Boehner and other GOP leaders later on Wednesday committed to holding a vote Friday on providing $9 billion in relief for Sandy, and $51 billion on Jan. 15, according to New York Republican Rep. Pete King.
King earlier had suggested in a Wednesday interview on Fox News that people in the Northeast should not donate to congressional Republicans because of the Sandy issue.
Cox said that he understands King's frustration, and that while local Republicans active in state and national politics had expressed similar frustration to him over the inaction, he didn't expect any of them to follow King's advice.
"I think that they will understand that the best hope for this country, and keeping us from becoming bankrupt like Greece, is the Republican Party," he said.
New York Republican Rep. Michael Grimm joined King in criticizing Boehner, saying he feels that the failure to bring the legislation to the floor "was a betrayal" and that he is now questioning his support for Boehner as Speaker of the House.
But Cox insisted the blame lay not with Boehner but largely with President Obama, for failing to lead.
"Much of the blame goes on the president at the end. The bottom line is this all came together at the last moment here, and if Sandy had just been on its own then it could've gotten done," he said.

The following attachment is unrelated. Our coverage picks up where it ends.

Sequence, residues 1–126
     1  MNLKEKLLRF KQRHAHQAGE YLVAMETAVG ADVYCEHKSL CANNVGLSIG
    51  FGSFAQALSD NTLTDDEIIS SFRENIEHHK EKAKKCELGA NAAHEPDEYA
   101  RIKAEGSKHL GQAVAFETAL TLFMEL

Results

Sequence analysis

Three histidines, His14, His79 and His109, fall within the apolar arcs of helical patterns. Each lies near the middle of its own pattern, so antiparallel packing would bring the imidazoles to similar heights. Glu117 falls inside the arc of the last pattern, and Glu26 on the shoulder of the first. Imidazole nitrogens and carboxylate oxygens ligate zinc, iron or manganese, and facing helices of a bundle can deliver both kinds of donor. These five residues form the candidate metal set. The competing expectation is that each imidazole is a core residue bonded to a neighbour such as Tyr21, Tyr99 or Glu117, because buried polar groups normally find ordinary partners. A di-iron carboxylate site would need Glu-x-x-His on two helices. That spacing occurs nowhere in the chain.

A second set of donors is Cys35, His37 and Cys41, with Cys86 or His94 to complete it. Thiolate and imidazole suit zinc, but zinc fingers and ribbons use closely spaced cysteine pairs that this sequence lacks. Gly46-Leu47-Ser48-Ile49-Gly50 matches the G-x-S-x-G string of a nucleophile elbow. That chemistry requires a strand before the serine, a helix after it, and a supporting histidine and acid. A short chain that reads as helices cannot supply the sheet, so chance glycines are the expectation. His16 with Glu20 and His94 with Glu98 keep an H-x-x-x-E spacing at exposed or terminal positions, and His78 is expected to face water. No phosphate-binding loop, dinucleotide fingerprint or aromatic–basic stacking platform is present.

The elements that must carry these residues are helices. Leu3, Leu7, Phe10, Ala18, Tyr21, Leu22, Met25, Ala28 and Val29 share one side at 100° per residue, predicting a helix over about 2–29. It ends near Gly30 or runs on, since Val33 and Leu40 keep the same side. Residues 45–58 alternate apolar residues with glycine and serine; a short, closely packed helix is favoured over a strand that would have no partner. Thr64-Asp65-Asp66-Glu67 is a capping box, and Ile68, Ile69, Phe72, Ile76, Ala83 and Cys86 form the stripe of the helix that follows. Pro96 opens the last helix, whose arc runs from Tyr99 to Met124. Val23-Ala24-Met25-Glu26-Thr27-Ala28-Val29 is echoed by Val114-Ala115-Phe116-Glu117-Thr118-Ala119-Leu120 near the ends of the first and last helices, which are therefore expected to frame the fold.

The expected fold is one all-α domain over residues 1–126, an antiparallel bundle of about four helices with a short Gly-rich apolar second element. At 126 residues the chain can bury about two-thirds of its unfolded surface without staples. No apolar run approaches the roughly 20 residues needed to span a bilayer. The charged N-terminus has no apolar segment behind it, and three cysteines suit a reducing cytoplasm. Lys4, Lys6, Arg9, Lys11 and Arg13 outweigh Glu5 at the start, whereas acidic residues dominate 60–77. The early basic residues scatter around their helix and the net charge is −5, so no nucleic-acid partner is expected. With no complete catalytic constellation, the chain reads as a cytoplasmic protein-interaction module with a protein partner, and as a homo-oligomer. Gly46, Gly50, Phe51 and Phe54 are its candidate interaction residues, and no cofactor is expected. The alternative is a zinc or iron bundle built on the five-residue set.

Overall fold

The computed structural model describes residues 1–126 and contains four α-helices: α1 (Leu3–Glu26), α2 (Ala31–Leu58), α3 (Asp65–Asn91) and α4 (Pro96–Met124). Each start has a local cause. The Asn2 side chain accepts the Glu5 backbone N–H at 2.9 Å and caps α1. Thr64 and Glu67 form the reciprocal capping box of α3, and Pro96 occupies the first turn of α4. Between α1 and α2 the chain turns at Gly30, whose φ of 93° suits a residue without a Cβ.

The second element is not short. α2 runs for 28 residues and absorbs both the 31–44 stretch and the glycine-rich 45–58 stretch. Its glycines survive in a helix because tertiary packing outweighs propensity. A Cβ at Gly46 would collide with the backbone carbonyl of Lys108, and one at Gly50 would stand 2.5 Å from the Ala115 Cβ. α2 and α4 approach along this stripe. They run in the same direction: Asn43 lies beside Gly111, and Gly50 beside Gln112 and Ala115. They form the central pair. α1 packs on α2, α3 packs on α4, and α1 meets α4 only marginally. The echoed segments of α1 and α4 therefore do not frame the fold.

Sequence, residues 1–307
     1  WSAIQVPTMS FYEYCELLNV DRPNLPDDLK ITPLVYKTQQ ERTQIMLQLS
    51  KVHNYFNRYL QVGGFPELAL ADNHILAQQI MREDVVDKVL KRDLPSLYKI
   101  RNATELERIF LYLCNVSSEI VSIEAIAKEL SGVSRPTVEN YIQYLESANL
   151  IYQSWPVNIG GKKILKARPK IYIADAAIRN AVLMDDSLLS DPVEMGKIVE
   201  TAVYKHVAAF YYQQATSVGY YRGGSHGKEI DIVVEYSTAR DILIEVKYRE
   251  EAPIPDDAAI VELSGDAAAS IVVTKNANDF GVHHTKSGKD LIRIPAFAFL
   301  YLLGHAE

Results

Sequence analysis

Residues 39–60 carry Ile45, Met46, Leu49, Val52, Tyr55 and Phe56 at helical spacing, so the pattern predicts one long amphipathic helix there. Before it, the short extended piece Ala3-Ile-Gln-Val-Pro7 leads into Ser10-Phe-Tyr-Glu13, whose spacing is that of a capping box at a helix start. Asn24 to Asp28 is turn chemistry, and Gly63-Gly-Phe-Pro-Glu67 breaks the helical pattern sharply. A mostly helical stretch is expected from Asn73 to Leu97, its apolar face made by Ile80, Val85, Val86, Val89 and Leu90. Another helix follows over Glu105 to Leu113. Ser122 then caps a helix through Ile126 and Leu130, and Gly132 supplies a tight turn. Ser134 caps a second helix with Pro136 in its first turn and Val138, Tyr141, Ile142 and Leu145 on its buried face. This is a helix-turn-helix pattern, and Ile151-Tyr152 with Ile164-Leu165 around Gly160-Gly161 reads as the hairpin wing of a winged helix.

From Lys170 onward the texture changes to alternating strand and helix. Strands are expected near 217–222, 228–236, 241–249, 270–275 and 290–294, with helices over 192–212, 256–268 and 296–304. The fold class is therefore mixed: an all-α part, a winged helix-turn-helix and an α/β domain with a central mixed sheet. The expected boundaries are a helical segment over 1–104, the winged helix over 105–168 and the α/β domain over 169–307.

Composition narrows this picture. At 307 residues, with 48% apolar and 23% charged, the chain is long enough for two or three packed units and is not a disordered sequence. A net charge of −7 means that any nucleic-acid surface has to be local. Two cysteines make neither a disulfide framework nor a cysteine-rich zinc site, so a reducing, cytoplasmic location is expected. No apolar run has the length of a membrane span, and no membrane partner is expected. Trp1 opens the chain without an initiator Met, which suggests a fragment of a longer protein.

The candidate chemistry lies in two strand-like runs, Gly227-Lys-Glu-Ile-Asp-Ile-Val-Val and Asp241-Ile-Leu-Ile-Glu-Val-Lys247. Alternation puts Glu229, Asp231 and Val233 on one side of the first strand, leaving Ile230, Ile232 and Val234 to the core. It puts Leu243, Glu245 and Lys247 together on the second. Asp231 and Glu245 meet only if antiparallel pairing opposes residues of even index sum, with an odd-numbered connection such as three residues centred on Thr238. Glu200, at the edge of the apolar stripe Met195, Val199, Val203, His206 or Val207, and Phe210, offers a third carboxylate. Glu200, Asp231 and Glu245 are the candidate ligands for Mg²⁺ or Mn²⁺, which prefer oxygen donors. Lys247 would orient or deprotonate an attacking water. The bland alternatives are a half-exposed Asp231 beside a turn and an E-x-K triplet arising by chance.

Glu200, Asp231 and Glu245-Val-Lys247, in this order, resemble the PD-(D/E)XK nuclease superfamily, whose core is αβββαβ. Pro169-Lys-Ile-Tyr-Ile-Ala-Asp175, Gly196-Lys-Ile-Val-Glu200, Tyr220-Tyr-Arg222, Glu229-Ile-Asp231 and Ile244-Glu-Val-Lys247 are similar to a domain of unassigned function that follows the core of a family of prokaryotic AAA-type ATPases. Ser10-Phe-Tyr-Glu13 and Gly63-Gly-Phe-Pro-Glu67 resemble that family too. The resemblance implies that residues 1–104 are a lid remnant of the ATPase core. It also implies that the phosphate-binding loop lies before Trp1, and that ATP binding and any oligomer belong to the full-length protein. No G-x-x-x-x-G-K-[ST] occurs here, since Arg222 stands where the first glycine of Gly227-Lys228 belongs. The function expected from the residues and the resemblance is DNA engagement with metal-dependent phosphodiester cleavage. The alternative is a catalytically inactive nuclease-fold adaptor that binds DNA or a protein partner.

Cox added that much of the problem was with the timing of the bill, and the fact that, he said, it included too much extraneous spending.
"This was a lot to throw at them with very little time. The senators had two months to work on this, and they finally got a bill over to the House that did have some issues with it, with respect to putting a lot of pork in it. [It's a] House that is very concerned about being fiscally responsible and they just passed a cliff bill that did nothing with respect to the national debt, and then, with those concerns in mind, now you're asking them to pass something with pork in it?" he said.
Cox said that the New York GOP and the state's congressional delegation had been working together till 2 a.m. early Wednesday morning, sending texts and making phone calls to each other and Boehner's staff, to try to figure out a way to move the bill forward. The negotiations were continuing today, Cox added, and he said he hopes to find a way to get the legislation passed quickly.
But Cox cautioned that efforts to politicize the aid package could bog down negotiations. New Jersey Republican Gov. Chris Christie and New York Democratic Gov. Andrew Cuomo denounced House leadership for not holding a vote on the aid package in a joint statement on Wednesday, a move from Cuomo that Cox called "a huge mistake."
"The governor's playing partisan politics with this was a huge mistake on his part, and it was not helpful in getting things done," he said.